"There is a time for everything," says the Teacher, "and a season for every activity under heaven. A time to be born and a time to die, a time to plant and a time to uproot. . ." (Eccl. 3:1-2).
I carry on with my own lines, letting the wisdom in the Teacher's words nudge me a little deeper into God's gentleness in the areas where I need it today.
There is a time to press deep into theology, and a time to relax and enjoy God in his creation. A time to keep one's seat in the chair and fingers on the keyboard, and a time to close the laptop and head out to the balcony where the hanging basket is pleading for attention and the breeze touches shoulders gently and the body and soul have room to breathe.
Sometimes what my plants need is not more fertilizer, but a little attention with the scissors as I pause to snip away the rubbery nub left behind when the fuchsia flowers fall. Sometimes what I need to flourish is not more theology and Scripture—more fertilizing—but the pruning away of some beliefs and behaviours that discourage further blooming.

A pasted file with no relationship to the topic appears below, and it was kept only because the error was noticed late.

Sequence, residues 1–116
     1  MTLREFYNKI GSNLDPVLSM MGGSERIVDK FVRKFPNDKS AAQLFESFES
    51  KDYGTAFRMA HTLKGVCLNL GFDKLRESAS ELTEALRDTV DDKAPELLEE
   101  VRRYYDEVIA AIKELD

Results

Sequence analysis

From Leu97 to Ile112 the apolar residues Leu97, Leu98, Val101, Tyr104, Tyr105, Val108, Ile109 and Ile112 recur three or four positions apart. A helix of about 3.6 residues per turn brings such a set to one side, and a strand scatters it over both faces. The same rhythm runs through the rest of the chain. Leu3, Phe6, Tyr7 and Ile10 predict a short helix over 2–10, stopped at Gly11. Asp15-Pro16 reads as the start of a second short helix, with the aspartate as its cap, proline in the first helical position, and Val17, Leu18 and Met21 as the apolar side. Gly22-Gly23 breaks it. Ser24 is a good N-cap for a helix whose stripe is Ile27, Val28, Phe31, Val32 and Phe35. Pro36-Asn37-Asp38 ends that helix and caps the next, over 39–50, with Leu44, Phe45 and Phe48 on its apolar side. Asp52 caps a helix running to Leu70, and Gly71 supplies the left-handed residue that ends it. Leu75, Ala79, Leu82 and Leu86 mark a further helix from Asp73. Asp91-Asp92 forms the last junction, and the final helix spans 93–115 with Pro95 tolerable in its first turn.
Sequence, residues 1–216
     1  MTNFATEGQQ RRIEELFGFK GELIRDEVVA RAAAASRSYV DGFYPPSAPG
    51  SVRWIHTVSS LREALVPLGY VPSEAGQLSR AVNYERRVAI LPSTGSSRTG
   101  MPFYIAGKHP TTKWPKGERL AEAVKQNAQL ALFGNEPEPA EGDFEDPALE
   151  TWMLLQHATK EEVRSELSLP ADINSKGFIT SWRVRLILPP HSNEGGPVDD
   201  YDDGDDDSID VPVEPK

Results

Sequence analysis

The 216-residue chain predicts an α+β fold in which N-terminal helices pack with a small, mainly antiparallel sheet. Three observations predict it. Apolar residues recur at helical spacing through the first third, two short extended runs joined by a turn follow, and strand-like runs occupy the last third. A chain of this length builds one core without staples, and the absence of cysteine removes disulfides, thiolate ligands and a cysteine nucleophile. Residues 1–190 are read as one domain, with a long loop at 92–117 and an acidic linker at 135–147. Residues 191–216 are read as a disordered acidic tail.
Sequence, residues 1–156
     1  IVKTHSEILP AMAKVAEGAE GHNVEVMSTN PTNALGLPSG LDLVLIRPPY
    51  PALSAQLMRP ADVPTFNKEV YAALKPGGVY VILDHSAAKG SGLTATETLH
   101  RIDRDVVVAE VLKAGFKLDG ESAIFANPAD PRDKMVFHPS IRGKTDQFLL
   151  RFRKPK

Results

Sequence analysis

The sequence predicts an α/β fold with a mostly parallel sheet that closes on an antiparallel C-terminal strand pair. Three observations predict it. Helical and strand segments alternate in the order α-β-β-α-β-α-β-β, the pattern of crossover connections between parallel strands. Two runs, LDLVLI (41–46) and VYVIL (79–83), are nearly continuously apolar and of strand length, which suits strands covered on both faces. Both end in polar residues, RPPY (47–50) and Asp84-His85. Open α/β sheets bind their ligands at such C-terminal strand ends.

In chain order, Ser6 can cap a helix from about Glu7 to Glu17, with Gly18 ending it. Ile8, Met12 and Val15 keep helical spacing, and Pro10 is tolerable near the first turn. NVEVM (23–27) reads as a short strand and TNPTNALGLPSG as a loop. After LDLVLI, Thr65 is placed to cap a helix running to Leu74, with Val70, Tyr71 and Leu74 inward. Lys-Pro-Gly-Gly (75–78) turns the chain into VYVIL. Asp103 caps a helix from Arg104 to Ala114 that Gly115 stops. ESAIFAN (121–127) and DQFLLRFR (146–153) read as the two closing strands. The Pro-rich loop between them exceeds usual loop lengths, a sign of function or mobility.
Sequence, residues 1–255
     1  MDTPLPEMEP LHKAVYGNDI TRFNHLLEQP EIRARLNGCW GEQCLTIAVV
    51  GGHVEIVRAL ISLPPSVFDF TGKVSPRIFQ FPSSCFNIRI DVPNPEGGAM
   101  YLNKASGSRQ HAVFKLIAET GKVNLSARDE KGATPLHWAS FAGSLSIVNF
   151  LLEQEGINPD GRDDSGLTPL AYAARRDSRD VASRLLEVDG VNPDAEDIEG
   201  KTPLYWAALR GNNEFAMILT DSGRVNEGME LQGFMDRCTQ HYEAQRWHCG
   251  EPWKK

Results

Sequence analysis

I carry on, cleaning away the papery pouches which hold the nemesia seeds, watching the small seeds scatter. Unlike the fuchsia, which will stop blooming if I fail to remove the pods, the nemesia don't really need their pods removed, but I'm having fun now, and maybe a little TLC will help them flourish?
And maybe, sometimes, the choice to stop working and savour life and beauty is, in that moment, the greatest manifestation of trust.
Sitting out here on this summer morning, I realize that I'm pruning away bits and pieces that keep me from blooming at the same time as I'm tending my plants.
I'm releasing my grip on the belief that work must always come before play. (There is a time for everything, and sometimes weariness can be God's messenger, nudging me toward his gentle care and the renewal he gives through rest.)
I'm letting go, too, of the belief that God delights more in my work-worship than in my rest-worship, and takes more pleasure in my productivity than my play.
I'll need God's gentle reminders again, I'm sure—probably in the not too distant future. But how lovely that he knows me and loves me and keeps calling to me, as he does to all of us, precisely in the areas he knows we most need it, summoning us to come and settle a little more deeply in his love.